Thursday, November 10, 2016

Researchers at Lawrence Berkeley National Laboratory integrate water-splitting catalyst with a solar cell by PEALD

Meanwhile, a team of international researchers at Lawrence Berkeley National Laboratory have been very busy taking a major steps towards artificial photosystems employing PEALD processes performed at the Molecular Foundry at Berkeley Lab.

The CoOx catalyst films were deposited in a Oxford Instruments FlexAL PEALD reactor using CoCp2 (98% Strem Chemicals) and oxygen plasma was the oxidant.

Schematic of the multi-functional water splitting catalyst layer engineered using atomic layer deposition for integration with a high-efficiency silicon cell. (Credit: Ian Sharp/Berkeley Lab)


A multifunctional biphasic water splitting catalyst tailored for integration with high-performance semiconductor photoanodes [OPEN ACCESS]
Jinhui Yang, Jason K. Cooper, Francesca M. Toma,  Karl A. Walczak, Marco Favaro, Jeffrey W. Beeman, Lucas H. Hess,  Cheng Wang, Chenhui Zhu, Sheraz Gul, Junko Yano, Christian Kisielowski, Adam Schwartzberg & Ian D. Sharp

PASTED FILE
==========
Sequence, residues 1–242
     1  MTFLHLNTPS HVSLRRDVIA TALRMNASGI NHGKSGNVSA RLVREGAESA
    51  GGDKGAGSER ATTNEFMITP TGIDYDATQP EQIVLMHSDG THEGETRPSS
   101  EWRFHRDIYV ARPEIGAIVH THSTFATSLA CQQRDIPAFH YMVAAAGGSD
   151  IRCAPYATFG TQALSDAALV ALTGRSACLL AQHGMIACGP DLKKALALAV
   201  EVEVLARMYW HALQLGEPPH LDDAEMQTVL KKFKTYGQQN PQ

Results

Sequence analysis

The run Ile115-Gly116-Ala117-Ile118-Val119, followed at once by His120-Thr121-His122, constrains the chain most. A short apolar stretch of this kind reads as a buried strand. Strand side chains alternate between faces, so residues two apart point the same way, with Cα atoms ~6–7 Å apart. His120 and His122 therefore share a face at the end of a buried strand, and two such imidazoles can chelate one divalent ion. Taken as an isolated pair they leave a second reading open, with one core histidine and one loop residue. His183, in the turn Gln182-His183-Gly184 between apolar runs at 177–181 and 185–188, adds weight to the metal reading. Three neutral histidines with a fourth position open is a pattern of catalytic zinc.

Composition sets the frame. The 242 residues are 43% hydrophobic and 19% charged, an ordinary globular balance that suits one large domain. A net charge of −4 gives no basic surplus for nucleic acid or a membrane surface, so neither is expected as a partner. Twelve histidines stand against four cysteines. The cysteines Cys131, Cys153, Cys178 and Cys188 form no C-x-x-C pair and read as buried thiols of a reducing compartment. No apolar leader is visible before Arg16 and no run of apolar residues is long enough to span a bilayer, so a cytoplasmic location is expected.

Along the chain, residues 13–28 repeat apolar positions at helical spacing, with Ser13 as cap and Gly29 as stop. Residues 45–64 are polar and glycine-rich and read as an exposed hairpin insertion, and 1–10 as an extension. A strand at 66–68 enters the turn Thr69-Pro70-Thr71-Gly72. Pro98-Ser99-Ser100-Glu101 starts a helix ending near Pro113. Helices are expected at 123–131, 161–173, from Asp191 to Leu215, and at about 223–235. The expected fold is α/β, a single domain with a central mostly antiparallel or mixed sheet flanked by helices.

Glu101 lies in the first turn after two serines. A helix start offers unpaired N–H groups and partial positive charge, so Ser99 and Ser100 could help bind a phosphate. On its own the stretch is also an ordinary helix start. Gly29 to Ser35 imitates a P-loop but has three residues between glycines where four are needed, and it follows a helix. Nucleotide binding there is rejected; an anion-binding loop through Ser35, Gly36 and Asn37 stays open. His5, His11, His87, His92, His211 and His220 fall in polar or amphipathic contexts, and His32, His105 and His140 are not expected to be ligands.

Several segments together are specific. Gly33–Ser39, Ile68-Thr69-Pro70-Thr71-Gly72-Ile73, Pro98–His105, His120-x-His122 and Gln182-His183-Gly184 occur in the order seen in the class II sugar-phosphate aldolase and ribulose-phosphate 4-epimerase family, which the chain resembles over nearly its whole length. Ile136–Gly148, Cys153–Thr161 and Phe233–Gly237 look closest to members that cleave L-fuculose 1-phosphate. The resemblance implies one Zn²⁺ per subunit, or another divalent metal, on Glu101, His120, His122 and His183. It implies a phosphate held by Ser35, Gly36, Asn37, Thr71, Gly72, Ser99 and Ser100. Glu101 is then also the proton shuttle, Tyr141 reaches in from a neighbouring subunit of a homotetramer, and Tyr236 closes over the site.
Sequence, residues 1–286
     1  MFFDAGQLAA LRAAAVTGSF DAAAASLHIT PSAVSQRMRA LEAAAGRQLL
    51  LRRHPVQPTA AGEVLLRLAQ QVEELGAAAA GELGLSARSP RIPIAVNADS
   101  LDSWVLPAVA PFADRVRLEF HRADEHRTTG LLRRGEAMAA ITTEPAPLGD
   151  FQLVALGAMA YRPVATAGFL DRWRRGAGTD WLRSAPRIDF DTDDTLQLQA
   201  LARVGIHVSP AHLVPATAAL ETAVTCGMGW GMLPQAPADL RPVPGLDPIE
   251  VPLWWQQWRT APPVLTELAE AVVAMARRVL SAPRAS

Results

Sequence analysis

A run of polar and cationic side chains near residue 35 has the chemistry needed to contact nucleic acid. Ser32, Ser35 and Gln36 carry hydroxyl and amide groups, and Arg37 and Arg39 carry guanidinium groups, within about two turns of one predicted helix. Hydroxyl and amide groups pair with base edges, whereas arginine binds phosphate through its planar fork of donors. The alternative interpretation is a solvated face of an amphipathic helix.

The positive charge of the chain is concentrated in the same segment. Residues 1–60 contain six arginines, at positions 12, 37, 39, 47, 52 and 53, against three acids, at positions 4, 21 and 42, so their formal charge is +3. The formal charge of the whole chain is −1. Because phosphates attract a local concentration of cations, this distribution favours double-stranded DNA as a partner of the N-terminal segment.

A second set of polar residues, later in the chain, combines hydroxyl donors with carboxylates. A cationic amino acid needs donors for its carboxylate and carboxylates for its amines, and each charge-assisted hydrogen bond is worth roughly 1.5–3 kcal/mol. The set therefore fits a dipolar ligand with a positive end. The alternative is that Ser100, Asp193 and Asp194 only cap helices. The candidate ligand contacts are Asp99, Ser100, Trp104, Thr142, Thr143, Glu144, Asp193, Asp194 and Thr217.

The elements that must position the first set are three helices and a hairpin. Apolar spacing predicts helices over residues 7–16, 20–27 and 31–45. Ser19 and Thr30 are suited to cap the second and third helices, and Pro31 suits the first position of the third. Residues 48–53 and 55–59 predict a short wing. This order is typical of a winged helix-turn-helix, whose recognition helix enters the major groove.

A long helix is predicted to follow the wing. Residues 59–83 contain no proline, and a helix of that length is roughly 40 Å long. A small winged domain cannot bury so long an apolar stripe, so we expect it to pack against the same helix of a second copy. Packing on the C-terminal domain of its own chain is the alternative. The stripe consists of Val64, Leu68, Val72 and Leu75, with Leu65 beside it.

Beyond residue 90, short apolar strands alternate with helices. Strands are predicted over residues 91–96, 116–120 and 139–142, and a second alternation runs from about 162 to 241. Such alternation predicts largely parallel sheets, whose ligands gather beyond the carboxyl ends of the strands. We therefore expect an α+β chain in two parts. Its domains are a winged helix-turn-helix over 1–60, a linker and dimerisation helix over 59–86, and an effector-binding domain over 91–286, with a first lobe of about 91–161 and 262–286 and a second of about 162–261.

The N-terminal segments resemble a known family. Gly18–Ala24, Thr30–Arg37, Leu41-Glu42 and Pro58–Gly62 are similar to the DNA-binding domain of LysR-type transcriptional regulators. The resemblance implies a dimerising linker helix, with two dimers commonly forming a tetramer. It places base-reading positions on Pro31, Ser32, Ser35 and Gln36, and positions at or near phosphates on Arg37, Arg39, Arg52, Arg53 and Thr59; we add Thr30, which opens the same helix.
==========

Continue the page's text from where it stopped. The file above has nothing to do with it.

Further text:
Nature Materials doi:10.1038/nmat4794
 
Artificial photosystems are advanced by the development of conformal catalytic materials that promote desired chemical transformations, while also maintaining stability and minimizing parasitic light absorption for integration on surfaces of semiconductor light absorbers. Here, we demonstrate that multifunctional, nanoscale catalysts that enable high-performance photoelectrochemical energy conversion can be engineered by plasma-enhanced atomic layer deposition. The collective properties of tailored Co3O4/Co(OH)2 thin films simultaneously provide high activity for water splitting, permit efficient interfacial charge transport from semiconductor substrates, and enhance durability of chemically sensitive interfaces. These films comprise compact and continuous nanocrystalline Co3O4 spinel that is impervious to phase transformation and impermeable to ions, thereby providing effective protection of the underlying substrate. Moreover, a secondary phase of structurally disordered and chemically labile Co(OH)2 is introduced to ensure a high concentration of catalytically active sites. Application of this coating to photovoltaic p+n-Si junctions yields best reported performance characteristics for crystalline Si photoanodes.